It has been commented in other posts that hobbies can be beneficial for health, including the elderly, highlighting the following points:
If the retired person takes advantage of part of her free time to practice one or several hobbies, he is likely helping to improve her health and quality of life.
Considering some of the previous data, the hobbies that may be most recommended for well-being and health require some physical exercise and those that favour social relationships.
Suppose it is appreciated that a hobby is usually related to an optimistic attitude and “steals” time from passive and harmful activities such as watching TV for a long time. In that case, it can be deduced that having one or more hobbies should be better than not having them.
Some pages on retirement have come to recommend specific hobbies for retirees. It is important not to confuse retirement with ageing, although they are related. Many retirees remain healthy and energetic for years after they stop working and can do what any adult can at almost every level except for particular physical exertions. As the years go by, limitations usually appear, not only for physical efforts but also at the level of sight, hearing, joints or even mental capacity. This is also important to consider since when assessing hobbies for older adults with limitations, most of them will fall into the category of retirees.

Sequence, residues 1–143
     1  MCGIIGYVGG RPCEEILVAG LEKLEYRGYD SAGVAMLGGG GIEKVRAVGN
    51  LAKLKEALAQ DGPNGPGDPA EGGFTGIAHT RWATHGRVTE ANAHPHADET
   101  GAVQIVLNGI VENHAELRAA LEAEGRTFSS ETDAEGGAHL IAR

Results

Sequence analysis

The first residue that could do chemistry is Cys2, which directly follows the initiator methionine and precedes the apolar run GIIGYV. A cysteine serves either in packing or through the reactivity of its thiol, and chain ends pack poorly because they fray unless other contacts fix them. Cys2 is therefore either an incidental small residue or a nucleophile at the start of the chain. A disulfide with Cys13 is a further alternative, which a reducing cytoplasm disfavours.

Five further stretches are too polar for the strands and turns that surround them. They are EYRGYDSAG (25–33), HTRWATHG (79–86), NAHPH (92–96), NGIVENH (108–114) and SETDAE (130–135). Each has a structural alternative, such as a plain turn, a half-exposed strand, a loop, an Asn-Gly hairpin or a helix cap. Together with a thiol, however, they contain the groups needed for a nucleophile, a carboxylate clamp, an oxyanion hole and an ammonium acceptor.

HOBBIES FOR RETIRED
Perhaps for the reasons indicated, the hobbies that are recommended for retirees are relatively “soft”, such as:
- softball (a sport similar to baseball),
- flower arrangements,
- bird watching,
- leather work,
- table tennis,
In any case, what is known is that physical exercise (among other factors) helps improve the quality of life of ageing and, as has already been mentioned, many hobbies stimulate physical activity.
In the last instalment, some statistical data on hobbies in the elderly and some recommendations are commented on, as well as the references.